However, trouble is brewing considering all the government and corporate debt overhand from COVID. There are several ways out of this.

1. We grow out of it

This is not unprecedented. During WW1 and WW2 government debt ballooned. However, after both wars, there was strong economic growth coming from strong consumer demand and strong investment. It may happen again. After a few decades of productivity growth stagnation, we may be on the verge of a productivity boom. COVID has led to a massive increase in adoption in digital payments, telemedicine, industrial automation, online education, ecommerce, and remote work. On top of that the speed of the development of mRNA vaccines gives hope that a lot more innovation is in the cards in healthcare.

2. We inflate

The US is also clearly trying to increase nominal inflation to keep real rates negative which helps the government deleverage, as it did after World War 2. Real rates are now negative again.

US 5 Year Treasure Yield Curve Rate

Given the size of the stimulus and the expected increase in demand, I suspect they will succeed in pushing nominal inflation above 2% as the Fed is targeting.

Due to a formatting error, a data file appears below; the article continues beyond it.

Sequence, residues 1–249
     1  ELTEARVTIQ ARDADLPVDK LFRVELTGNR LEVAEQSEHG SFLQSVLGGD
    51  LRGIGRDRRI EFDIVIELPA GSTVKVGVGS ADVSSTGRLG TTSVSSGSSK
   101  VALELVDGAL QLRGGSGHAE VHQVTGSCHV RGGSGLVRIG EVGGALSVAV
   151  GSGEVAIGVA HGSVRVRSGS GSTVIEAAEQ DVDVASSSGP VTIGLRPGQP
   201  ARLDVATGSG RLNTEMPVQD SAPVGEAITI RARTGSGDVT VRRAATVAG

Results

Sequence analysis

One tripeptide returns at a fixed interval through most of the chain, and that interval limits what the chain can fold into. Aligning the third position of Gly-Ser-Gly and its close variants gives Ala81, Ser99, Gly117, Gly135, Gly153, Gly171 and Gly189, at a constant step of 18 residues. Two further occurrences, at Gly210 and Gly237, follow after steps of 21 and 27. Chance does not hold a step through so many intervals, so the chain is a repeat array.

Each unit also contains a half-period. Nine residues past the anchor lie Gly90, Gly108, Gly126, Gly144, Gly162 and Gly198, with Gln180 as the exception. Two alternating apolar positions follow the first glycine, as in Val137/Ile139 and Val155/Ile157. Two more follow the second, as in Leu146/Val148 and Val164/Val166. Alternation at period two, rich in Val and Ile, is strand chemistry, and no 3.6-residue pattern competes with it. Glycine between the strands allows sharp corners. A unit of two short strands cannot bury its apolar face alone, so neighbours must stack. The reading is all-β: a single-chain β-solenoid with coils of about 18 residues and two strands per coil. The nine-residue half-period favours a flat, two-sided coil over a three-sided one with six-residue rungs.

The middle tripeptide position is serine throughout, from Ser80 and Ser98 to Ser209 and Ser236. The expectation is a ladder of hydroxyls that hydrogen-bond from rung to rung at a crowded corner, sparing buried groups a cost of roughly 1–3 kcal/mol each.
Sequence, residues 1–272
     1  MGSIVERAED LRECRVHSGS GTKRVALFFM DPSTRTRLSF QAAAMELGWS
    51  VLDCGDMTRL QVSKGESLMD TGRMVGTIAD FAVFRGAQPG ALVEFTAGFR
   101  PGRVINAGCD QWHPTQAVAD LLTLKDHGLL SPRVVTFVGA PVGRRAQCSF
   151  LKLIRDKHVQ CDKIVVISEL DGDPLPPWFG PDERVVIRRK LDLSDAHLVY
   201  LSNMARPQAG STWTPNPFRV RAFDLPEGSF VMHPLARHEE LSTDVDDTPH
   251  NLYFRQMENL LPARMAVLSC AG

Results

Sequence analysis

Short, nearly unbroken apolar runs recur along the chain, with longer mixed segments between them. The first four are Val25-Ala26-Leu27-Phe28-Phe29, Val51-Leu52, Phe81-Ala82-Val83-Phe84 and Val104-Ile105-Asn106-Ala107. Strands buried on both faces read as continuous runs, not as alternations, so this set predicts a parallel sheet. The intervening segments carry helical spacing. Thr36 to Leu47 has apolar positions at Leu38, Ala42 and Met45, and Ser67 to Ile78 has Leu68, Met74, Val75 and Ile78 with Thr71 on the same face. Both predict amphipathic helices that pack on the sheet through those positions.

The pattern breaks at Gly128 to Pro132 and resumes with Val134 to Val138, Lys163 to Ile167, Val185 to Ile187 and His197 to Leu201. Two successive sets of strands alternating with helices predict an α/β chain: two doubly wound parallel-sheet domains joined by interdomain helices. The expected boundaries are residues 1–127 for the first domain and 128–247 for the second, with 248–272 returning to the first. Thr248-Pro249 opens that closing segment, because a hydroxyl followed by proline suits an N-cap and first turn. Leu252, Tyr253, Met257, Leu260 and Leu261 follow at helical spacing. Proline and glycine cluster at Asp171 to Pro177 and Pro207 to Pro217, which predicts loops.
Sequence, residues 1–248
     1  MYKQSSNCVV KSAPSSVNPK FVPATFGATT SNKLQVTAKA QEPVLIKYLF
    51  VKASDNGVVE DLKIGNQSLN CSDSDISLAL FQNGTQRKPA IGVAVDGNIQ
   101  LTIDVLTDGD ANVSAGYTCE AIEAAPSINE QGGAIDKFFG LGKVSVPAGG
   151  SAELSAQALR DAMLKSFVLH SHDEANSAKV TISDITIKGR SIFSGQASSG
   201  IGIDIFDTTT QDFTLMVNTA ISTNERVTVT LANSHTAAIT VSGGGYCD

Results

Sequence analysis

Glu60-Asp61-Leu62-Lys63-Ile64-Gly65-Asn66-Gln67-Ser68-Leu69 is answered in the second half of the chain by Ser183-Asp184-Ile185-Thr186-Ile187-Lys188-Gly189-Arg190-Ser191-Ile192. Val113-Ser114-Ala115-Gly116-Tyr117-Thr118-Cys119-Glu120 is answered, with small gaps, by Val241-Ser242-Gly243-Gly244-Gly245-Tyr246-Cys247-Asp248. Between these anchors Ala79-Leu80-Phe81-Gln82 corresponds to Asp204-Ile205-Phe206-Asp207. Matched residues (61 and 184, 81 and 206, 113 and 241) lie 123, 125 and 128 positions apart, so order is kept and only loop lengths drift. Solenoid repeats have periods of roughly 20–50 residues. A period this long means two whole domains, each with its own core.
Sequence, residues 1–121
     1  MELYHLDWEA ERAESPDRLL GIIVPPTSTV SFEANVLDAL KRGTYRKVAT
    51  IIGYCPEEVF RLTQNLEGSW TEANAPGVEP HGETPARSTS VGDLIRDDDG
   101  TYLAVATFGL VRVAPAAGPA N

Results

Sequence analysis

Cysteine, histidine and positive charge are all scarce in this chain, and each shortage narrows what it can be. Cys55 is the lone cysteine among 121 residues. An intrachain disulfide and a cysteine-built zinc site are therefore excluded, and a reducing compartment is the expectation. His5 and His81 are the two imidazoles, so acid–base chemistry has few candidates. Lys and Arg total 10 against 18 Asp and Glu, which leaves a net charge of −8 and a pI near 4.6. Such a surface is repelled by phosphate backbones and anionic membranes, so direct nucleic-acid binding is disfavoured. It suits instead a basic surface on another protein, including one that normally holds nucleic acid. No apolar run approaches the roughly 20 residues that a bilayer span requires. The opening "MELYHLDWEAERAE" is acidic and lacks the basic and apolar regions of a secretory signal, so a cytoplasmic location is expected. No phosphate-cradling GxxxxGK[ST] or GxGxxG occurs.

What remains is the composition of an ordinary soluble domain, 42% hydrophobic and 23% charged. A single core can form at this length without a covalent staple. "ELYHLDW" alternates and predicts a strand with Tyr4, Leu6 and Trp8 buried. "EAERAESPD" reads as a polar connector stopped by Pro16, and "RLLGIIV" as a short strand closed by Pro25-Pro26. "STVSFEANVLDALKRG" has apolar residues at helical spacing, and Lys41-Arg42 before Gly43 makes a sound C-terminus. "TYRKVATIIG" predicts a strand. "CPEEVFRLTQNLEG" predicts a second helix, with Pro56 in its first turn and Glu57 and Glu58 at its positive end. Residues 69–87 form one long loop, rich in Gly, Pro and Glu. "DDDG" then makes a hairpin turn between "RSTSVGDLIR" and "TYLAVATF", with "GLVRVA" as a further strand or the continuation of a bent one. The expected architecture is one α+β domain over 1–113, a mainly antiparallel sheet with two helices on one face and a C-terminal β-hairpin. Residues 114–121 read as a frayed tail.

Note that such an outcome is not always guaranteed. Japan failed to create inflation for most of the past 30 years despite massive government spending and quantitative easing. You can also overshoot and create high inflation as Zimbabwe highlighted in the last two decades.

Controlled inflation in the 2-3% range would be the ideal outcome.

3. We run surpluses

After both world wars, there was a strong social and political consensus in favor of budgetary restraint and debt reduction.

Germany decreased its debt to GDP ratio from 82.4% in 2010 to 59.8% in 2019 by running surpluses.

Likewise, Greece was forced to run surpluses and mend its profligate ways as part of the bailout conditions.

My perspective on what will happen

The US no longer has the discipline to run surpluses, but can keep sustaining deficits as long as the dollar remains the global reserve currency. The day of reckoning will come but does not seem to be in the cards in the near term, so the US debt will keep ballooning.